Why would a  person who doesn’t have a dog to show join a kennel club?  Good question!    It’s not  like I don’t have enough on my plate.  It’s because I want to support …purebred dogs.

At one time, I did have a dog to show, and  I was a member of  kennel club to meet  others who had dogs to show, possibly to network to expand my  dog grooming business, and to learn more about dogs.  I was a member  of the Goldcoast Kennel Club for several years, but a  lot  of life events, including divorce, moving, and  going to graduate school  made me lose interest.

I first became interested in showing dogs when I was learning about  breeds and  what breeders look for in making their dogs into champions.  My first ‘show’ dog, an Afghan Hound, wasn’t really a show dog, but I didn’t know that.   I was only  12  when I got him. He had a magnificent pedigree.  This is how I learned that you don’t breed pedigrees…you breed dogs.

My first dog show was the Skokie Valley Kennel Club show in October, 1967. I entered my young dog in Novice, as we were both novices, and he was  just over a year old.  He got a blue ribbon (he was the only dog in his class) and my mother had it framed.  I still have it.  He never became a champion, but I was learning.

About a yer after getting the Afghan, we got a Miniature Schnauzer from a very well known Schnauzer breeder. This breeder taught me how to hand strip a dog.  He also didn’t turn out as I had hoped, but I was still learning.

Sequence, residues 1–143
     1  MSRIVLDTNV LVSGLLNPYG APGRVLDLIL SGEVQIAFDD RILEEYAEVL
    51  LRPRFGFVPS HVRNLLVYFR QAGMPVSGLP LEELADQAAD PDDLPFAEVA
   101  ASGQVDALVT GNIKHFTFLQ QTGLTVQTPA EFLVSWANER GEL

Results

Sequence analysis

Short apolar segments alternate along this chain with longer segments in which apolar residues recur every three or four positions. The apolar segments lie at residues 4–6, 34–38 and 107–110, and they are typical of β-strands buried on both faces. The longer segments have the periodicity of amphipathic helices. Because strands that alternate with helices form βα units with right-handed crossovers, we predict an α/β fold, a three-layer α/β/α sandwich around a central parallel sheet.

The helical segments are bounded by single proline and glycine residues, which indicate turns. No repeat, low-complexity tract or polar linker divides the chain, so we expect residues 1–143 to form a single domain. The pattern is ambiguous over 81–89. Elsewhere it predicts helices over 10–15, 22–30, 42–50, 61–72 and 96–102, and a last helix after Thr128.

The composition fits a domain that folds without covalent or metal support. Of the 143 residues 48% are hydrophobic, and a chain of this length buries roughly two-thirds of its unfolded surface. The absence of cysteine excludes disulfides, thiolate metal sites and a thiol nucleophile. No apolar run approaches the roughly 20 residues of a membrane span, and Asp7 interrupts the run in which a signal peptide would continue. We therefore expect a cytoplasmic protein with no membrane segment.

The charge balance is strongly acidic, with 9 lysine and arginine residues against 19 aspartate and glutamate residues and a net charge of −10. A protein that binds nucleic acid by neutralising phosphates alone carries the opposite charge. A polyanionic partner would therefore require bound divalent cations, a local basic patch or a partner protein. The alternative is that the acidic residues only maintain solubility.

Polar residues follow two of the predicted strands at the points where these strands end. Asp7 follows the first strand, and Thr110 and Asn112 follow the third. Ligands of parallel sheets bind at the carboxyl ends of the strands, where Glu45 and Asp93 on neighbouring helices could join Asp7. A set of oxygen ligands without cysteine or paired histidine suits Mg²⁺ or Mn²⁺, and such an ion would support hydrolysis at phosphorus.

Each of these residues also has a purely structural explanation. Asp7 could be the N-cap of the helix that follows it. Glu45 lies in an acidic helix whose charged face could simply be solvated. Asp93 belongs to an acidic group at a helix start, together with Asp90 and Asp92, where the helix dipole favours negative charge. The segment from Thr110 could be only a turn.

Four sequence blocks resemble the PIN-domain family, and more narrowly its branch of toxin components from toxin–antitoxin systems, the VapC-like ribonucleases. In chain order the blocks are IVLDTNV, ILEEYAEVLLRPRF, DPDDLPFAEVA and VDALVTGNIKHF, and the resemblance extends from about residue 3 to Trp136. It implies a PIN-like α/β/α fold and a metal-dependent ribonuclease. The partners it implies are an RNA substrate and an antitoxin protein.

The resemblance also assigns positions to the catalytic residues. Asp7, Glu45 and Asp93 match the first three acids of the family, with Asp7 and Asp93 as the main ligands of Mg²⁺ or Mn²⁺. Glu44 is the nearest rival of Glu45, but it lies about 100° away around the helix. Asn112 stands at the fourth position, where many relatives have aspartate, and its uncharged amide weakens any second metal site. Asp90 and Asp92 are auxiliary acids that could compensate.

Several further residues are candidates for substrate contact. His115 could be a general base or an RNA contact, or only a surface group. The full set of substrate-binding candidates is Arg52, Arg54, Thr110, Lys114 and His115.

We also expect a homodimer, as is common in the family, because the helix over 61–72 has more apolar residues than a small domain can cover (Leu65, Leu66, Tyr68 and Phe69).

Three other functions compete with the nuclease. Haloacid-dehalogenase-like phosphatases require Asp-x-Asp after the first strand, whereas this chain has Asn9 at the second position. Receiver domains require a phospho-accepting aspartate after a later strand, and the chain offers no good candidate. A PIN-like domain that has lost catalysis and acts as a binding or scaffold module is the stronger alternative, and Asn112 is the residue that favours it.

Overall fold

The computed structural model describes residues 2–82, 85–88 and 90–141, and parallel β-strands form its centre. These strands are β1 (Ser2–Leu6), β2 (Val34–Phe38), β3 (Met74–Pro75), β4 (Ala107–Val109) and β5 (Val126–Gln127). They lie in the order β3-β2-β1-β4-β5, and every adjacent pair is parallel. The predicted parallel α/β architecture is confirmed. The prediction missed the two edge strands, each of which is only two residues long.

I became active in a breed club:  The Afghan Hound Club of Greater Chicago.  This was in the 1970s, and Afghan Hounds suddenly got popular because of the culture of the time.  We’d have educational programs at meetings, but mostly what we did at meetings was plan matches and dog shows.  Our events were well attended.  I thought my fellow club members were all dog lovers, but what I learned was that, when push came to shove, not all of us were on the same page. This was because I was very interested in  Afghan Rescue.  Some breeders  took their dogs back if they sold them to people who decided they did not want the dog any more, but more were really backyard breeders…hoping to play the dog show game on a grand scale, but not willing to be responsible for all the dogs they bred.  One member  actually said to me, “If you sell a toaster, and the  buyer decides he doesn’t want it anymore, you don’t take it back, do you?”   I saw the mindset of  many people who were breeding dogs, making some money, but not caring about the dogs they bred.  This shocked and demoralized me.